We covered the Qblinks – an unusual smartphone remote control, notification, and alarm key fob device – during the summer last year. However, it never saw the light of day, and has since been redesigned and relaunched as the Qmote, a product now available on Kickstarter. The new version has been given a flash body, some additional features, and a lower price, but at the expense of the notification element.
The Qmote is at its heart, a Bluetooth remote control for your Android or iOS smartphone. The body is a big button, which can have up to 11 different functions programmed into it, ready to activate various features on your phone. For example, it can be used to control music playback, act as the camera’s shutter release, activate apps, or to turn on a find-my-phone alarm system.
Each function can have its own combination of button presses and holds specified, all of which are configured through an app. Additionally, the Qmote works with IFTTT, so recipes can be cooked up to control aspects of your smart home, or more complex functions on your phone.
Made from brushed aluminum, the Qmote is water resistant and has a coin-cell battery inside which should be good for a year’s worth of use. No, the notification feature isn’t included anymore, but the company is promising firmware updates to add new features over the year.
The Qmote may have lost a feature, but the price has been dropped to a more sensible $15 if you catch the early bird offer, or $19 if you miss it. You can pay more for multiple Qmotes, or to add a laser engraved message on to the body. The Qmote’s on Kickstarter now with a target of $20,000, which it has until early March to reach.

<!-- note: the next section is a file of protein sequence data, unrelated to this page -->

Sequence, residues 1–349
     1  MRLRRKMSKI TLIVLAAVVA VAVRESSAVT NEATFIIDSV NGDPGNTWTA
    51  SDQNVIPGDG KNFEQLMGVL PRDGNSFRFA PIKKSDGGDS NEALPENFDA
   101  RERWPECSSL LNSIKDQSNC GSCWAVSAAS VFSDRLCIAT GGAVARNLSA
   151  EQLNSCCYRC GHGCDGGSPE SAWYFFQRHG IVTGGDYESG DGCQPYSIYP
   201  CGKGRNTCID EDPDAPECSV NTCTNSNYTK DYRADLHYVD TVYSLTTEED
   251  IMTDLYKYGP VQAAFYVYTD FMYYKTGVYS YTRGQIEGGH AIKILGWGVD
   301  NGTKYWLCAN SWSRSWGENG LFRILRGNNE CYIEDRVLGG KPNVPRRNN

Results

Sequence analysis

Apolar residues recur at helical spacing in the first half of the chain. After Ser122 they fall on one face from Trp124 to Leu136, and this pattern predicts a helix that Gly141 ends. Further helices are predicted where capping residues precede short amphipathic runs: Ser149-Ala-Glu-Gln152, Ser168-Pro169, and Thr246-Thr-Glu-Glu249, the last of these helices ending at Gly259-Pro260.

CONTINUE TO PAGE TWO FOR OUR COVERAGE OF THE ORIGINAL QBLINKS DEVICE
At first glance, the Qblinks looks like a posh remote control for opening a garage door, but don’t pass this little accessory by, because it’s a lot more clever than that. Described as a cloud-linked remote control for your smartphone, it has the potential to replace your smartwatch, while adding in the convenience – and geeky credibility – of IFTTT-style functionality.
At its most basic, the Qblinks connects to your iPhone using Bluetooth 4.0, when it can be used as a remote control. A press of the big, friendly button will activate the camera’s shutter release, bring up Siri, or change tracks in the music player. Like other similar looking gadgets, the Qblinks can be used to locate a mislaid phone, and will prompt the device to ring even in silent mode.
Things get more interesting when we move on to notifications. The button on the front of the Qblinks will light up to announce the arrival of a new message or an incoming call, and by using the QBlinks Cloud service, it can be customized to help you understand which app requires your attention. Think of it like using IFTTT’s formulas, and you’re on the right track. For example, different colors and varying flashes can be assigned to particular apps, so you don’t have to check your phone each time a notification arrives.
Ambient temperature sensor
Additionally, the Qblinks Cloud can alert other Qblinks users to your status after a certain action, such as sending a flashing alert to the Qblinks remote at home when your phone disconnects from the one at work. It’s even possible to directly “ping” another Qblinks remote as a reminder to get in touch. The company behind Qblinks says there are many other combinations and possibilities for using Qblinks Cloud, and more will be added in the future.
Finally, the little device can measure the ambient temperature, and it’ll store the result on Google Drive, tweet it out, or even add it to a global map.
Qblinks are available through a Kickstarter campaign right now, and the company is quick to point out it’s using the crowd funding website as a pre-order system only, due to the project already being funded and ready to go. A single Qblink costs $35, a pair costs $50, $100 bags you three, and $125 gets you four. For $150, you get five. The Kickstarter campaign launched this week, and must reach $35,000 to be successful.
Article first published 07-22-2014
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